Watching TV Stresses Me Out

by Cait Fawkes 2 years ago in self care

Chronophobia and the Series Time-Sink

Watching TV Stresses Me Out

It just takes up so much time. That’s the real problem I have with watching TV. And it never seems to be as easy as just deciding not to. Once you expose yourself to it even for a moment, it seems to have an irresistible draw. I always feel as though I am being compelled to watch, the very act of doing so inducing inertia and draining my resolve. It feels like some kind of sucking leech, distracting me with sound and colour while it feasts upon my time, life, and energy. This description is histrionic beyond belief, of course; it’s just TV. But it is true to say that I am often left with a desolate feeling of loss after I have inadvertently watched one, then two, then three episodes of something.

I appreciate that it’s an often brilliantly creative and moving form of entertainment designed to take us out of ourselves and away from the stress of our daily lives. It is mindless escapism; the whole point is that it should make us feel relaxed, but most of the time, when I realise I’m getting sucked in, I start to feel uneasy and agitated. Even worse is the feeling when I ‘come to’ having been totally absorbed for an hour or two and realise that that’s it; I’ve wasted time I can never get back. It makes me irrationally irritable and upset.

Perhaps it is because I am not very efficient with my own time. I cannot act with speed nor even haste. I am a daydreamer and the most inefficient kind of multitasker; all is begun but never finished. I believe that it is my own misuse of time that makes me so sensitive to how precious it is. It may seem oxymoronic to say that I waste time and use it badly, and at the same time claim to treasure it and resent its frittery. Nevertheless, I feel that my often rocky relationship with time gives me a reverence for it. I have never in my life been at a loss as to what to do, I could never say that I have ever been bored—there is always so much to do and truly never enough time in which to do it. Amusing, perhaps, to those who think of me as often fairly passive, but everyday I am hoping that I will learn to make better use of my time tomorrow.

And so we come to that leech of time: television, or any kind of video entertainment, cinema, series, YouTube etc. There are some things I really love and that I am more than happy to dedicate my Sunday evening to however for the most part it’s a love hate relationship. I’m a little interested perhaps, I might engage with a programme, laugh, comment on it or find it interesting, but when it’s all over the bubble bursts and more often than not I wished I hadn’t paused to watch at all.

Having said that, as someone who is a self-confessed ill user of time, can I really claim that I would utilise those hours any better if it did not turn on the television at all?

The thing is that I know that I would. I have I often managed it, though not nearly often enough, and those evenings where I have refrained from engaging in most forms of visual entertainment, including social media, have been the most rewarding and most precious. I may not achieve everything on my normally overambitious mental to do list but I usually do one thing that is productive and that will benefit me later on. I usually feel much calmer too, more thoughtful, more positive, and much more able to wind down, which, in turn, means that I have a better night's sleep and wake feeling happier and relatively well rested.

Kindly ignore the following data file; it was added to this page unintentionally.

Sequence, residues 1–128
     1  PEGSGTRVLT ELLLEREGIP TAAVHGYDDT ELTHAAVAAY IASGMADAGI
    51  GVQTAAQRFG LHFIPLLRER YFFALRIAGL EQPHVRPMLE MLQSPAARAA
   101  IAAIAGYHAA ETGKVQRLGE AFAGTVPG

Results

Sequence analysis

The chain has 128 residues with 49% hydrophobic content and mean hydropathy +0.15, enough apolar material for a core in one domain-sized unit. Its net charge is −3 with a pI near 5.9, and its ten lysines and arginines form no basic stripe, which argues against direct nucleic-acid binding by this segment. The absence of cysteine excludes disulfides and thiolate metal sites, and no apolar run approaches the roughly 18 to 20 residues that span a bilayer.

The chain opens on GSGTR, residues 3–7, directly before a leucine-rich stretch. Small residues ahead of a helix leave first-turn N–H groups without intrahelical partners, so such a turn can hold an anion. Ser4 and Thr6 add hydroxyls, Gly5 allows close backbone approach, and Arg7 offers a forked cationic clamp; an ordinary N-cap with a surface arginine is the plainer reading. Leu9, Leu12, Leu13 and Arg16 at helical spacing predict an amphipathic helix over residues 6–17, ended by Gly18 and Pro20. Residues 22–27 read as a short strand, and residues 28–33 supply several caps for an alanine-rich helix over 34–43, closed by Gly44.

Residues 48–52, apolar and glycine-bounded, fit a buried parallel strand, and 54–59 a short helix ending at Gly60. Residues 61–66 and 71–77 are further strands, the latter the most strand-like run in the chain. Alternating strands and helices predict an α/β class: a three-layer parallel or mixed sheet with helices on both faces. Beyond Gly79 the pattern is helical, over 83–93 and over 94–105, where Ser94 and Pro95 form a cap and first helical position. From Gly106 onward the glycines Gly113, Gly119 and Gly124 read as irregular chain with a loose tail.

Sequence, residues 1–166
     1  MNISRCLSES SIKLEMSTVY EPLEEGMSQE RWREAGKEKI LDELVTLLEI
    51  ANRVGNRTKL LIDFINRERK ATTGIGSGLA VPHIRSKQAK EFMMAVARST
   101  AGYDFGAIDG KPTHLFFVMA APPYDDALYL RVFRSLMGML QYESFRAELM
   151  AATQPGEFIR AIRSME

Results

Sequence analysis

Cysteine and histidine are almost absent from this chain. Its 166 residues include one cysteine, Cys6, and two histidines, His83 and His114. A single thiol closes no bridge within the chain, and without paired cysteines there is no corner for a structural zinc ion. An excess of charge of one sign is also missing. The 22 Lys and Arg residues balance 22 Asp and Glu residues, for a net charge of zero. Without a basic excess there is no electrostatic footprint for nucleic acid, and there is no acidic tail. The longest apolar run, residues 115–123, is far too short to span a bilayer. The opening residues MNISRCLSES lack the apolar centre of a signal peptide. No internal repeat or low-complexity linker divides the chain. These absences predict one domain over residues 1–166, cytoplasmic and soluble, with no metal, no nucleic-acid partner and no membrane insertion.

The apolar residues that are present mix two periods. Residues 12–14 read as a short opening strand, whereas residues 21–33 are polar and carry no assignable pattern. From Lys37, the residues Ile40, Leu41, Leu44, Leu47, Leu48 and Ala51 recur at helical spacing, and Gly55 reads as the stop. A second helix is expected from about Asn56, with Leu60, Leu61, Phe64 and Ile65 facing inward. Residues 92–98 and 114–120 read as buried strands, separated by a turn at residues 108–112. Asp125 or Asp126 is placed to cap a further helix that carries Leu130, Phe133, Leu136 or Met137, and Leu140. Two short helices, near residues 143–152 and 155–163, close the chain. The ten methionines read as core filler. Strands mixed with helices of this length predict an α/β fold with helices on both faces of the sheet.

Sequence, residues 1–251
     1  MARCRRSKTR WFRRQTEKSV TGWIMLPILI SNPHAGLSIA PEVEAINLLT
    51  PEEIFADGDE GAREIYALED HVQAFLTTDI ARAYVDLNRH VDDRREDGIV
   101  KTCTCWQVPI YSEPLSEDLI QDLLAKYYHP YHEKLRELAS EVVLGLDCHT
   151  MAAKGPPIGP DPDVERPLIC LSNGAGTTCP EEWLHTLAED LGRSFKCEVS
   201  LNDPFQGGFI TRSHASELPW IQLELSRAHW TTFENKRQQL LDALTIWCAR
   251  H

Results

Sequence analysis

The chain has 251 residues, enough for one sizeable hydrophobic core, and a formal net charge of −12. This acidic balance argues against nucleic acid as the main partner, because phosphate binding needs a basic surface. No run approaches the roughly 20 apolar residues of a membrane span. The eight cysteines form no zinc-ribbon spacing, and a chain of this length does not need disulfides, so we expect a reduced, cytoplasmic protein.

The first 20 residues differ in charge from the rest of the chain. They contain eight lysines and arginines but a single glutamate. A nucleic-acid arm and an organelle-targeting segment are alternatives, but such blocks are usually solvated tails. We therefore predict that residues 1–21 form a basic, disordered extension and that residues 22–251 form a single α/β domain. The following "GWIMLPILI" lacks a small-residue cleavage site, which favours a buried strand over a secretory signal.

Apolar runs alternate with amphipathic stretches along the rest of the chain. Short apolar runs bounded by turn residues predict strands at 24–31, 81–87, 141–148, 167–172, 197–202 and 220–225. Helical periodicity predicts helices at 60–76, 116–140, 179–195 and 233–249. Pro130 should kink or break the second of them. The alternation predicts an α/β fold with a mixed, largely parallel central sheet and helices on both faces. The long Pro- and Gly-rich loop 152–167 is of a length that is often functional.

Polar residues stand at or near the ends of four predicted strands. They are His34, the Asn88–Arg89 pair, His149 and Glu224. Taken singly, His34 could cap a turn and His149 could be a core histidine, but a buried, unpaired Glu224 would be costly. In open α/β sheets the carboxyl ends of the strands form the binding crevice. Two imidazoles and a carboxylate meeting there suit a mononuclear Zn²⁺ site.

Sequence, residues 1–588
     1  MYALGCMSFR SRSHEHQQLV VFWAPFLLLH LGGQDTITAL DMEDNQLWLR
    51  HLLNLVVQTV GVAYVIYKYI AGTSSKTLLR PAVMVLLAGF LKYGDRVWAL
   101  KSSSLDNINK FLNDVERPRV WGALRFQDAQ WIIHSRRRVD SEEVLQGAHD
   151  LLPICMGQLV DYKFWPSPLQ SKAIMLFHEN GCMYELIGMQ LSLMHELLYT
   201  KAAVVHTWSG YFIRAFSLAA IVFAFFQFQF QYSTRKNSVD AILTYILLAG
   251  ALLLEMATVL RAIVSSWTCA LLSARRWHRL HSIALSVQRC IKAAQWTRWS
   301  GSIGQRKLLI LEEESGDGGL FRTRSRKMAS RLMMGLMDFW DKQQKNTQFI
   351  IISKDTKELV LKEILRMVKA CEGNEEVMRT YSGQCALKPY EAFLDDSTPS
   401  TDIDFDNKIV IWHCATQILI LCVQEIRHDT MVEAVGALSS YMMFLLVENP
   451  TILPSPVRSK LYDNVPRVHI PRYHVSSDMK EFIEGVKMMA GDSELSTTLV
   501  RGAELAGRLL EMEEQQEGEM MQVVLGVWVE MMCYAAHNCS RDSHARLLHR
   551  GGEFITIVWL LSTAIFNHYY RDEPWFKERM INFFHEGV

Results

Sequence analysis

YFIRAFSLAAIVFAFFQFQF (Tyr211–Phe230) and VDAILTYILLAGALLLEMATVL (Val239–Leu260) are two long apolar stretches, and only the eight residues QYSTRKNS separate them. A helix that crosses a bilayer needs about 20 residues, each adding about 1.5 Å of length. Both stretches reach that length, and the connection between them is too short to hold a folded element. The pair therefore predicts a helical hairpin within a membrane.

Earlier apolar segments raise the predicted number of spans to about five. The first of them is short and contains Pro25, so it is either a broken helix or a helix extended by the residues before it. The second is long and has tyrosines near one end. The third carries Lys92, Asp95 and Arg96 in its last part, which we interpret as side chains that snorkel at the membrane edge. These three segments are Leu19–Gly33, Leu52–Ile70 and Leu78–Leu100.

Particularly after a long day at work and a tedious commute home, once you factor in cooking and eating dinner, there aren’t many hours left before midnight to get much done for yourself, or to have an early night for that matter. Taking out TV and other similar time sinks suddenly frees you up. There is so much more time to prioritise what is important, and you have so much more time for yourself.

I do know that for some people it is genuinely relaxing. I live with someone who is very efficient and good at compartmentalising his time, and so this opportunity to switch off for a couple of hours is seen as a welcome break. However, for me, I think it’s something in which I am going to need to have a lot of discipline. I know I am better off without it. I know that it makes me unhappy and far from relaxed and so walking away needs to be a habit that I keep practising until it sticks.

It’s not always easy being tired after a full day and feeling soporific following a big meal to rouse oneself into some kind of action and not to stay comfortably seated. My hope is, as with most good habits, the more I practice the more greatly I will feel the rewards, the more my mind will truly come to understand that there is more life to live than that which is handed to us on a plate and easily absorbed.

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Cait Fawkes

I love to write, create and communicate. Amateur writer, photographer and artist www.caitfawkes.com 

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